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  • When recovered he makes a plausible excuse for leaving Ireland (pretending he has left a wife in his native land) and returns to Cornwall.

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  • He soon found an excuse for breaking his promise to relieve the English Catholics.

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  • in 1740 Fleury by a diplomatic quibble found an excuse for repudiating his engagements, when he found the party of war supreme in the king's counsels.

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  • A plausible excuse was found in the next year for issuing a sentence of confiscation and banishment against Falkes de Breaute.

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  • In this original scheme it is clearly marked out "that this entire Society and all its members fight for God under the faithful obedience of the most sacred lord, the pope, and the other Roman pontiffs his successors"; and Ignatius makes particular mention th4t each member should "be bound by a special vow," beyond that formal obligation under which all Christians are of obeying the pope, "so that whatsoever the present and other Roman pontiffs for the time being shall ordain, pertaining to the advancement of souls and the propagation of the faith, to whatever provinces he shall resolve to send us, we are straightway bound to obey, as far as in us lies, without any tergiversation or excuse, whether he send us among the Turks or to any other unbelievers in being, even to those parts called India, or to any heretics or schismatics or likewise to any believers."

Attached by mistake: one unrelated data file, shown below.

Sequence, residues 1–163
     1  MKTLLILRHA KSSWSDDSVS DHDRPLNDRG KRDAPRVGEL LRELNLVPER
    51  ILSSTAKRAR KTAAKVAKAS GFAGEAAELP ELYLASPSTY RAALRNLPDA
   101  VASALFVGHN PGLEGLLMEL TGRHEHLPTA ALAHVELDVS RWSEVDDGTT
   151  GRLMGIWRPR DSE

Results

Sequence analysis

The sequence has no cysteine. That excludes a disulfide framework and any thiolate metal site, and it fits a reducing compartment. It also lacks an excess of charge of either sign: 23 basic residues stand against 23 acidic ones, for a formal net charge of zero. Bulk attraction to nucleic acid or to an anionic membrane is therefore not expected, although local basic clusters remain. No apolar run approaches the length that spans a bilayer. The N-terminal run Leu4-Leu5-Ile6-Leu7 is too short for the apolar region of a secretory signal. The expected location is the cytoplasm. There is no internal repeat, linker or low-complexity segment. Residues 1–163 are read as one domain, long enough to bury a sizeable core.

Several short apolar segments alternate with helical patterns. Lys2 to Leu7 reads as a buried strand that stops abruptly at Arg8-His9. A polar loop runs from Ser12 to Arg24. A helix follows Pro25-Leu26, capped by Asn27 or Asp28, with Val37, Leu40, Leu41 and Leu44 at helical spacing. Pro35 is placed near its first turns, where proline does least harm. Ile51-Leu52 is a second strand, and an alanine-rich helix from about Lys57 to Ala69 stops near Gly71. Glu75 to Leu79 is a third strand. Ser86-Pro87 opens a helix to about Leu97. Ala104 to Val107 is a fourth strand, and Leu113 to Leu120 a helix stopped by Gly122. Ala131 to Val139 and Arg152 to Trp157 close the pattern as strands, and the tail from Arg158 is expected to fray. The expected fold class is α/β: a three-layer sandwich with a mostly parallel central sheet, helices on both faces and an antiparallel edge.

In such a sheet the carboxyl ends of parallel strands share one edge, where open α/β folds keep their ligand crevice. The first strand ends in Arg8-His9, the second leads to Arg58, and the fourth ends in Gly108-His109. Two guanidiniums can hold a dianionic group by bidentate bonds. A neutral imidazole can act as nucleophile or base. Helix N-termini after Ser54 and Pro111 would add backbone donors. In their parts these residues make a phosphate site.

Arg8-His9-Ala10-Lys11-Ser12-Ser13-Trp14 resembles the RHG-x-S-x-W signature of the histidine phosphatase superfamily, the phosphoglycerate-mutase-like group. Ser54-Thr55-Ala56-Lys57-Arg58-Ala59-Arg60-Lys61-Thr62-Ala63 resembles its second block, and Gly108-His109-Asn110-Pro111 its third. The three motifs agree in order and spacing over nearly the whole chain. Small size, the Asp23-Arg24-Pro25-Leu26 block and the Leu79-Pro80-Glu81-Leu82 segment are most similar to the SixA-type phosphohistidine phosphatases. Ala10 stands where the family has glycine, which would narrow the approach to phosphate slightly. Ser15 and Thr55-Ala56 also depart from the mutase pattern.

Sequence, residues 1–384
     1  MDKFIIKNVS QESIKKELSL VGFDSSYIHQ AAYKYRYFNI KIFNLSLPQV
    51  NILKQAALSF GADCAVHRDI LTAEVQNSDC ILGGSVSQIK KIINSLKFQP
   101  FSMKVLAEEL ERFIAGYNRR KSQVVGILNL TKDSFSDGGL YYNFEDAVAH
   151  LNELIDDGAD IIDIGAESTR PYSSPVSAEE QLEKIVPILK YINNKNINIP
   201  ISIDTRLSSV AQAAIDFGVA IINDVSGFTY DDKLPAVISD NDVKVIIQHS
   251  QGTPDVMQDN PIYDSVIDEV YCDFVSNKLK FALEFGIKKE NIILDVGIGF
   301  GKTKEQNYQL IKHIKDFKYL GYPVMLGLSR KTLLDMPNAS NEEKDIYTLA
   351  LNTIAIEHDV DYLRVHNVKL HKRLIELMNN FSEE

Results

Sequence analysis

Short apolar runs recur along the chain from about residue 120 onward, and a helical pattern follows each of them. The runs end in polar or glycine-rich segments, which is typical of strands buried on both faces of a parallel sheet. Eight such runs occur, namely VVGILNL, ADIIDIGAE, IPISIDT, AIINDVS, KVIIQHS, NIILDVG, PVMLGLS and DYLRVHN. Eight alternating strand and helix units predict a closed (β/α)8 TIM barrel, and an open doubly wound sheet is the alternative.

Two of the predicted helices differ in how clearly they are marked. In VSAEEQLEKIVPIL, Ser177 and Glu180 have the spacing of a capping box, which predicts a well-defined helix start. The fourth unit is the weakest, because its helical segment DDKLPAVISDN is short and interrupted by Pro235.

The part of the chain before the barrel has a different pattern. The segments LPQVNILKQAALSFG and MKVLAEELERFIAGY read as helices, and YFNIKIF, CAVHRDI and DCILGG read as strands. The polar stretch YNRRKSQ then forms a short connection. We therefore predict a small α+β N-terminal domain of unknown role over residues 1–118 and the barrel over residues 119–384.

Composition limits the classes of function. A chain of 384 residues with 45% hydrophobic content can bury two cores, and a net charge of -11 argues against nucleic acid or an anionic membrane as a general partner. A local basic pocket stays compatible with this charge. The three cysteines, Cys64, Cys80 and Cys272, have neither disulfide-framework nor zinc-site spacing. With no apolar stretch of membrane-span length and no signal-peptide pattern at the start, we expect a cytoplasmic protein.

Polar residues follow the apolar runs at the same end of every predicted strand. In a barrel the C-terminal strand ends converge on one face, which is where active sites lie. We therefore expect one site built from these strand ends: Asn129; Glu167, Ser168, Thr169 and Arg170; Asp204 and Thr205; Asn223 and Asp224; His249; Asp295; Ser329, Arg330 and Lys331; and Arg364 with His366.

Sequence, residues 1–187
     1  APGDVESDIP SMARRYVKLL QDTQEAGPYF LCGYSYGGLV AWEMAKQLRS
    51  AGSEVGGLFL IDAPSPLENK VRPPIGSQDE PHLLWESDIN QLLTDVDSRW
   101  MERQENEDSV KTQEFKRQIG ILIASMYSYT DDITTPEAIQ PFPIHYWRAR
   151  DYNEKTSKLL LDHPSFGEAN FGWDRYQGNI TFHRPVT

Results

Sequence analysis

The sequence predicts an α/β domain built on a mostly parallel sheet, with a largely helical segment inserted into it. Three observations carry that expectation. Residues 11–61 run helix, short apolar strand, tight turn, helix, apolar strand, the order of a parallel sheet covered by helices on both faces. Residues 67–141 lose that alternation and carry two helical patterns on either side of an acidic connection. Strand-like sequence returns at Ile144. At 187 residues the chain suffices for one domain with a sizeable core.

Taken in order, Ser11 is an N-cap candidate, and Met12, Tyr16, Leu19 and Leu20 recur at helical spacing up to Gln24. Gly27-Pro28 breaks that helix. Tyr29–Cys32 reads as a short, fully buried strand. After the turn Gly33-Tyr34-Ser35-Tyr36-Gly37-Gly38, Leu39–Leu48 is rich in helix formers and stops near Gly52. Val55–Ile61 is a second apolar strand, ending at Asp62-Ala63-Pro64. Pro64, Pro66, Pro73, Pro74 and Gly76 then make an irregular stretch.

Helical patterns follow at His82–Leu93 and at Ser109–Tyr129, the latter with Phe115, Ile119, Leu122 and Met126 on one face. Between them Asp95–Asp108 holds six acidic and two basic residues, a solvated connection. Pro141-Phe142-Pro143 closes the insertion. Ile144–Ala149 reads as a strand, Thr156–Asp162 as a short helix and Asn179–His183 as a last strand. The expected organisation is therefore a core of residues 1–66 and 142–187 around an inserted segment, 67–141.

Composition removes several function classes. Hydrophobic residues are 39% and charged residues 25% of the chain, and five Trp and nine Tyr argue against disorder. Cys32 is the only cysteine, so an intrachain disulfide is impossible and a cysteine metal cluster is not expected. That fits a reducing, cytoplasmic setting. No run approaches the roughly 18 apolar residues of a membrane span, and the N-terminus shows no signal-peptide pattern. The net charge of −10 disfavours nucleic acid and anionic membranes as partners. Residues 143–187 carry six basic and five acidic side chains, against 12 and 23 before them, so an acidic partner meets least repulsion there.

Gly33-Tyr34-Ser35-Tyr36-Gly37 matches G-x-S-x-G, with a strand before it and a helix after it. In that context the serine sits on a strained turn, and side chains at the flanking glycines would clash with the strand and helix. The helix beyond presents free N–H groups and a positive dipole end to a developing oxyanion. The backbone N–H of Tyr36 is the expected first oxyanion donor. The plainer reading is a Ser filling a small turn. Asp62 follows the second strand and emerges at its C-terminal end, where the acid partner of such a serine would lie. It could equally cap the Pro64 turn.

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  • Holland drove them out in 1816, and, by giving them thus a valid excuse for aiding the Belgian revolution of 1830, secured them the strong position they have ever since held in Belgium; but they have succeeded in returning to Holland.

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  • before he does wrong makes all manner of subtle excuse.

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  • He drew the horoscopes of the emperor and Wallenstein, as well as of a host of lesser magnates; but, though keenly alive to the unworthy character of such a trade, he made necessity his excuse for a compromise with superstition.

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  • Eighteenth-century Italy looked on religion with apathetic indifference, and Liguori convinced himself that only the gentlest and most lenient treatment could win back the alienated laity; hence he was always willing to excuse errors on the side of laxity as due to an excess of zeal in winning over penitents.

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  • p. 656) attributes its bad reputation to the attempt of the inhabitants of the country to find some excuse for the demoralization caused by their own luxurious and effeminate habits of life.

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  • There is not the slightest use or excuse for the application of sugar, except to cheapen the silk by about 15 to 20 Wild Silk Dyeing.

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  • But the idealists are only too glad to get any excuse for denying bodily substances and causes; and, while Leibnitz supplied them with the fancied analysis of material into immaterial elements, and Hume with the reduction of bodies to assemblages of sensations, Mach adds the additional argument that bodily forces are not causes at all.

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  • But notwithstanding its illogicality, its tendency to underrate Nature as inferred from such idealistic premises, and its certain transition into a consistent idealism, hypothetical realism has, with little excuse, revived among us in the writings of Shadworth Hodgson, James Martineau and A.